Nervous Stomach Anxiety: yin/yang explanation

Anxious woman sitting on a bench
Photo By Ryan McGuire

Key Learning Points

  • Nervous Stomach Anxiety could be several things in Chinese medicine
  • It could be from excess yang energy, or deficient yin energy, or a combination of both
  • Not just your Stomach, but your Spleen, Heart, Kidney and Liver energy organs may be involved
  • Depending on the diagnosis, besides acupuncture here are other ways to help yourself!

Nervous Stomach Anxiety Symptoms

If you have ever had nervous stomach anxiety this page is for you! The Chinese get it too, and for the same reasons as you!

It may also be for you if you keep asking yourself ‘Why does my Stomach Hurt!’

But they don’t call it ‘nervous stomach anxiety’. Those are words we use when we feel anxious in our abdomen, particularly in our upper abdomen, the area above the belly button and below our ribs.

People say they feel one or more of the following symptoms together with anxiety:

  • ‘butterflies’ in the epigastrium (ie above the belly button)
  • gas, gurgling in the intestines
  • burping, perhaps
  • flatulence ie ‘wind’ going downwards = farting
  • difficulty swallowing
  • nausea
  • reduced appetite…
  • …but sometimes the urge to eat more to quell the anxiety
  • cramping pains or contractions in the abdomen
  • burning, bursting pains, along the path of the large intestine
  • need to loosen clothes
  • dry mouth
  • spasms
  • diarrhoea
  • constipation
Points sometimes used to help nervous stomach nervous anxiety

Anxiety can come with many other possible symptoms, including changes in your:

  • breathing, (eg hyper-ventilating, sighing, holding breath)
  • heart rhythm, (faster, often with raised blood pressure )
  • perspiration (clammy hands or face, sweaty arm-pits)
  • circulation, (cold feet and fingers, headaches, heat flushes)
  • muscles (eg cramps, tightness, trembling, aching)
    • … with an increase in your need to pee (urinate) or shit (defaecate), often suddenly and inconveniently
    • … and longer term, if anxiety continues you may feel unable to achieve sexual fulfilment, which brings …
    • … lowered self-confidence.

Why do you get Nervous Stomach Anxiety?

Fundamentally in Chinese medicine, the reason for nervous stomach anxiety is because of an imbalance between ‘yin’ and ‘yang’. (Rather than make this page too long, I invite you to click on my page on balancing yin and yang.)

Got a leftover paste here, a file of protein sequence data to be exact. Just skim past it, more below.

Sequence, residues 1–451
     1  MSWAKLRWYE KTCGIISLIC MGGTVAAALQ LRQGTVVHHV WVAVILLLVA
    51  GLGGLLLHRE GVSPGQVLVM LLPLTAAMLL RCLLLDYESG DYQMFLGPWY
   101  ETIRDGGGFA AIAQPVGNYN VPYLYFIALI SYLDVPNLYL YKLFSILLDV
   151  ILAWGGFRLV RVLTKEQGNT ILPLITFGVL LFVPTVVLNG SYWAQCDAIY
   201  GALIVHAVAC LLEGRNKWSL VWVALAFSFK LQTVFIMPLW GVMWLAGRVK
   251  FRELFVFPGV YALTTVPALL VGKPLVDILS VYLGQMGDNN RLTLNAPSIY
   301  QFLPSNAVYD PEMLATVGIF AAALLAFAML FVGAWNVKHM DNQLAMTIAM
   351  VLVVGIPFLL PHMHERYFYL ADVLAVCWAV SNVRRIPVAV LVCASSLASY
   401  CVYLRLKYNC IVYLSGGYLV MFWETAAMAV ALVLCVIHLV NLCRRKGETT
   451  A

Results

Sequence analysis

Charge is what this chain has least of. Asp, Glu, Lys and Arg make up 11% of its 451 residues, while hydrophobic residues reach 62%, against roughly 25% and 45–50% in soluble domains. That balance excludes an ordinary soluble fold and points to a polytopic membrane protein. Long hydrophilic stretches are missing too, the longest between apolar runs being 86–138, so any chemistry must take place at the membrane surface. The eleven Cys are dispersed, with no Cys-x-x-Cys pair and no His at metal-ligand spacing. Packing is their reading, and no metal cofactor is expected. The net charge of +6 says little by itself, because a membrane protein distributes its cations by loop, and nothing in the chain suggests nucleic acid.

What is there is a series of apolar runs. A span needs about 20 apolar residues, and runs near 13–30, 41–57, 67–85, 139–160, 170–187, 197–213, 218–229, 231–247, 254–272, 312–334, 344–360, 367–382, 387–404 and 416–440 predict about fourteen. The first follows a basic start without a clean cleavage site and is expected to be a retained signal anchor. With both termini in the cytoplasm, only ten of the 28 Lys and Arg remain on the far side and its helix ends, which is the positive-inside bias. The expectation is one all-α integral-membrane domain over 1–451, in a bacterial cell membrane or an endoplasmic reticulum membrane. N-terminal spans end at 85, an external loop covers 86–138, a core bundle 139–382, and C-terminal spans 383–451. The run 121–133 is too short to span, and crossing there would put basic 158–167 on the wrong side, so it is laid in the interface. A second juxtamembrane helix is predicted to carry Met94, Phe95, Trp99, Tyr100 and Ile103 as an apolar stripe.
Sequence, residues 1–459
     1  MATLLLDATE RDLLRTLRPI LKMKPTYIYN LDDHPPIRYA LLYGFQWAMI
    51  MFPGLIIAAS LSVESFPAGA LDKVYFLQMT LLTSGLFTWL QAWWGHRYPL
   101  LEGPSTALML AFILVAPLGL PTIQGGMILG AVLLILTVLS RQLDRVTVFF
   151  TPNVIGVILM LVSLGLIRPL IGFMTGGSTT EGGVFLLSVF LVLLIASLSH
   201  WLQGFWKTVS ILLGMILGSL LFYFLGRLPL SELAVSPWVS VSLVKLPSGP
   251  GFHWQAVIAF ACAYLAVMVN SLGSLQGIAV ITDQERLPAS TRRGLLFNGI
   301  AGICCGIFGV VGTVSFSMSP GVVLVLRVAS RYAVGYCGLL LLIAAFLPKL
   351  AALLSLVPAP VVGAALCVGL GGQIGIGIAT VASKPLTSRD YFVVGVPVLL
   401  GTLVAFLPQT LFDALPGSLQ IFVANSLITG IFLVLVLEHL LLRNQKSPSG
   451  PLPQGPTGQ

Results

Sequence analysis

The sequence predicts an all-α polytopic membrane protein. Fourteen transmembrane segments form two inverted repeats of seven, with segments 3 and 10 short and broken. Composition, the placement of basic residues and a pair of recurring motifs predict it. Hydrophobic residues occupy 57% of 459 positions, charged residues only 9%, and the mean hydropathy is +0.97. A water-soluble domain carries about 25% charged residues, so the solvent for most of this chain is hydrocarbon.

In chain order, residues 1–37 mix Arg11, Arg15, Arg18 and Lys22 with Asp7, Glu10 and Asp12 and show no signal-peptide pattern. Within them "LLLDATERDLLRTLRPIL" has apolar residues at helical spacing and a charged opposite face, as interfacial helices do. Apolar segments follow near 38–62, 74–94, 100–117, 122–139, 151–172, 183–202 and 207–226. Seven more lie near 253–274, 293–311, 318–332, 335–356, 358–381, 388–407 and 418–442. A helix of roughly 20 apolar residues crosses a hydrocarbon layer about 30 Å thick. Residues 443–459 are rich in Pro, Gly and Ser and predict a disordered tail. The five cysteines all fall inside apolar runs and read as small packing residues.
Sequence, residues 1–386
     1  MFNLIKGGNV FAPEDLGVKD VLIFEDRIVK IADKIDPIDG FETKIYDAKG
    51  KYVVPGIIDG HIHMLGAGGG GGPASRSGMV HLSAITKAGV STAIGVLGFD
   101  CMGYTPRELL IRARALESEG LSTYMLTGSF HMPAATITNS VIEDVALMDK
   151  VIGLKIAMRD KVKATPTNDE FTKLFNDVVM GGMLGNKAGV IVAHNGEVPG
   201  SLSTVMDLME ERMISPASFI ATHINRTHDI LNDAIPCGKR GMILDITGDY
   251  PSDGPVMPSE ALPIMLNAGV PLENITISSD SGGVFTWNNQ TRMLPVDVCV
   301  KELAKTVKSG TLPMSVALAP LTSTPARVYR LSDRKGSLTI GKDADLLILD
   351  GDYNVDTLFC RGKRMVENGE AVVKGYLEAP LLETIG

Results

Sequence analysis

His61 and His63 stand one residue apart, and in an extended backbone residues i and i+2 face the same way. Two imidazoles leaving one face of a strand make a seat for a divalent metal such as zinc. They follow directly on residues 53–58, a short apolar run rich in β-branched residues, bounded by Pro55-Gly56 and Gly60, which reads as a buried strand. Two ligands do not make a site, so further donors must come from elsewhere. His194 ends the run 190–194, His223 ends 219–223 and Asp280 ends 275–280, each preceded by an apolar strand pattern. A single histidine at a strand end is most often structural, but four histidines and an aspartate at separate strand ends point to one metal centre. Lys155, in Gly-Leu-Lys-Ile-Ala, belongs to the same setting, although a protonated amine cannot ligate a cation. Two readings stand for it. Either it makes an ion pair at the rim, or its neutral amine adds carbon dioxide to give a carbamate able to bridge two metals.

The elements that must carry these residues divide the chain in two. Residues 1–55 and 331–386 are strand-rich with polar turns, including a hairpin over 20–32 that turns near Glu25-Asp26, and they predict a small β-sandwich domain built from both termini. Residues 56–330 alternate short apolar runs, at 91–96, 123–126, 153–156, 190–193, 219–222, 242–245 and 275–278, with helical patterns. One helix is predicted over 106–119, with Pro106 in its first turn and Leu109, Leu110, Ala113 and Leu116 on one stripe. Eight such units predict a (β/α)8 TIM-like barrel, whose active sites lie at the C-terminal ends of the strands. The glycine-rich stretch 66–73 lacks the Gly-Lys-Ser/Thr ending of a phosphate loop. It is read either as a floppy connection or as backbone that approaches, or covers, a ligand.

• An excess of Yang energy makes things hotter and faster: perhaps more exciting, but less restful.
  • A deficiency of Yin energy makes you more easily disturbed, excitable and restless, short on reserves.


Putting these together you may understand that too much yang, especially when it goes on and on, is exhausting. Your yin reserves, which you can recover by leading a calm life, with good nutrition and time for rest and sleep, get exhausted by too much yang. Just as your car’s fuel reserves quickly run out if you go everywhere at full revs, foot to the floor!

When your yin reserves are exhausted, you are even more susceptible to yang disturbances, you often can’t sleep properly and may even tremble with fear. Eventually, if it gets really bad, you become unable to react properly. In fact, your personality goes to pieces.

Hand reaching for the sky from under water
Photo by nikko macaspac on Unsplash

Explaining Nervous Stomach Anxiety in terms of Qi, Yin and Yang

Chinese medicine explains everything in terms of Qi, which translates – badly – as ‘energy’. But once you get the idea of what they mean by it, you’ll start to appreciate how Chinese medicine thinks and works.

Let’s take some of the nervous stomach anxiety symptoms that you may have. Suppose you get

  • a fluttering in your upper abdomen, just below your ribs (‘butterflies’)
  • dryness in your mouth
  • tightness or constriction in your throat, making it hard to swallow
  • your heart pulse can be felt strongly

When you think about it, you may realise you have other symptoms too, such as sweaty palms but cold hands (in spite of being sweaty), tightness in your neck, and so on.

All these are various kinds of excess Yang Qi because they are either

  • moving (eg fluttering: movement is a sign of yang)
  • dryness (yang dries out your yin ability to moisturise)
  • yang rising up, uncontrolled by yin, so yang qi pushes upwards to your throat, tightening it
  • yang pushes up into your chest more than it should, causing a stronger, possibly faster pulse

Perhaps you know someone who, in the same situation, could remain calm, unruffled. It could even have been you, were it not for being unable to sleep well since someone rammed your car.

That lack of sleep, plus the shock, has upset the balance of yin and yang in you. Your yin energy has not recovered and your yang energy is slightly out of control, like a bunch of naughty schoolchildren in a classroom when the teacher leaves them alone for a few minutes.